A key question is: How do market factors influence the strategies that the organization will use to transform its business model?
Leaders at VCU Health, an academic medical center based in Richmond, Va., recognized the need to adapt to the changing environment and create value for the community. VCU Health employed a technique that accelerates an organization’s ability to attain buy-in and to set a game plan for strategic goals by gathering stakeholders from key areas such as governance, finance, operations, and clinical for an intense, abbreviated workshop. Gaining consensus across an organization might be expected to take months, if not longer; this accelerated process takes place over a two-day session.
The approach was used to get VCU Health senior leaders engaged to develop the health system’s new strategic plan, known as Vision by Design, says CFO Melinda Hancock (pictured at right). Comprised of several entities, including an academic medical center, community hospital, a children’s hospital, physician practice, and health plan, VCU Health has dozens of leaders overseeing various components of these business arms.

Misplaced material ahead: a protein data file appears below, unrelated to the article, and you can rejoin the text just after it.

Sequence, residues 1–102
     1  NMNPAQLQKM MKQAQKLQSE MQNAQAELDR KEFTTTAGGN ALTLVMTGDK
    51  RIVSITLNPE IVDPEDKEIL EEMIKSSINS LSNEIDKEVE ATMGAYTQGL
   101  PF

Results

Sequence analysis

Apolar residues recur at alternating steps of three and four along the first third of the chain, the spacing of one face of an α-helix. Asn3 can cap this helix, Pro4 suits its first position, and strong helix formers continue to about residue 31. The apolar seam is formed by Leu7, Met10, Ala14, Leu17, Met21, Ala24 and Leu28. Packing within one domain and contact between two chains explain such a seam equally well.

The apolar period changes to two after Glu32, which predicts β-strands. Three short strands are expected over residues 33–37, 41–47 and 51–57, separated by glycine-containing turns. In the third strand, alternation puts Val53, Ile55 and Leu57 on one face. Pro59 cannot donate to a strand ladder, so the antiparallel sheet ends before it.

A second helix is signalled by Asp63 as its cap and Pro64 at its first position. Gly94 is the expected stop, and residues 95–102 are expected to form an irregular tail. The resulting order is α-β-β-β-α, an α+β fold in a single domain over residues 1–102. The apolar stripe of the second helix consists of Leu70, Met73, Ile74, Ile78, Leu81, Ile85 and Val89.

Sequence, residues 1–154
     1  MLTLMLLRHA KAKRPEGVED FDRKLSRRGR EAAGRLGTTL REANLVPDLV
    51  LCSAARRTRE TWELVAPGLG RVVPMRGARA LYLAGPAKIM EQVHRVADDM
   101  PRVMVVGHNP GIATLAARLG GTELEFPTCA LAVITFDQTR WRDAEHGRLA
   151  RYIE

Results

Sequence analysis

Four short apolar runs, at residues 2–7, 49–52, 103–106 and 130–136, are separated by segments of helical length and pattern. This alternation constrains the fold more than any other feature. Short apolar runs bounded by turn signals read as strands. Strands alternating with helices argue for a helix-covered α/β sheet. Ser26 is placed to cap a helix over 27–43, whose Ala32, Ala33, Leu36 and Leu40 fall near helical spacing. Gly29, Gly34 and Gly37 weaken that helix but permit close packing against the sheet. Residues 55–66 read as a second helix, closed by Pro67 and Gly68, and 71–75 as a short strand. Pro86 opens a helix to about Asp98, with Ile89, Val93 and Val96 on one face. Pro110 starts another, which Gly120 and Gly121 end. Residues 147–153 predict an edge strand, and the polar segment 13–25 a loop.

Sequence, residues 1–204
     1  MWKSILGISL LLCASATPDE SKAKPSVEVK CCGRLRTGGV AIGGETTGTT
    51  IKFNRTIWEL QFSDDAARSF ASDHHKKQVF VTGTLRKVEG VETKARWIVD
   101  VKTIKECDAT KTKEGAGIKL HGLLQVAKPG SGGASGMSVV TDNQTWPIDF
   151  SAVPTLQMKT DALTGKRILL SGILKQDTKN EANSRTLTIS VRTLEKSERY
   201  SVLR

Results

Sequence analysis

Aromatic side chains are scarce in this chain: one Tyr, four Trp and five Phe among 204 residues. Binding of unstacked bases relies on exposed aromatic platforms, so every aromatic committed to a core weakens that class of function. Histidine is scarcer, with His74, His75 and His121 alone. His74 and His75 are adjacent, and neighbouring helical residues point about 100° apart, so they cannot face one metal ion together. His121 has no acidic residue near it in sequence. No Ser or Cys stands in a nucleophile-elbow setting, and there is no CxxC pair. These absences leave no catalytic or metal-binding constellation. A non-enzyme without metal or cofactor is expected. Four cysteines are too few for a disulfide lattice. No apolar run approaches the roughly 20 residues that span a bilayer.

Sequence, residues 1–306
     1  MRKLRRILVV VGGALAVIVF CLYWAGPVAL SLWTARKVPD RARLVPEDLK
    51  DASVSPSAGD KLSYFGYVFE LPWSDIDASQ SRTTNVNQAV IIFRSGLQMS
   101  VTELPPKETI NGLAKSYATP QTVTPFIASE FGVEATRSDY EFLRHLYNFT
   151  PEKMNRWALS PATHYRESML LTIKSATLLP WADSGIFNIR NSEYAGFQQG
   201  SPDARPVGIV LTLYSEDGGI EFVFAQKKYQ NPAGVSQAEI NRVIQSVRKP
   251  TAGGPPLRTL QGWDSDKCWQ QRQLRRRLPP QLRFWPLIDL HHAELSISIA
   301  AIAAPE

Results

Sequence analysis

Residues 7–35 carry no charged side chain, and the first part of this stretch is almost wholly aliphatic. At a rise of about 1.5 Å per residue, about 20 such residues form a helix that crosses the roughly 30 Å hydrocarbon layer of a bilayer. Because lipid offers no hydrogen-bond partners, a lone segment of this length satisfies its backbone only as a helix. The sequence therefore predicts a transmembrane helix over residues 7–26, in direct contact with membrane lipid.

The effort to gain consensus on the new strategic plan was complicated even more by an influx of new leaders. Over a period of three years, several key leaders had retired, termed out, or found positions outside the organization, including the CEO and CFO of the health system, dean of the medical school, president of the physician practice, CEO of the health plan, and CEO, COO, and vice president of finance for the hospitals and clinics, says Hancock, a former HFMA National Chair who joined VCU Health in 2016.
New leadership teams sometimes take time to gel, but the implementation of Vision by Design could not wait. “We needed to find a way to quickly get us all on the same page,” Hancock says.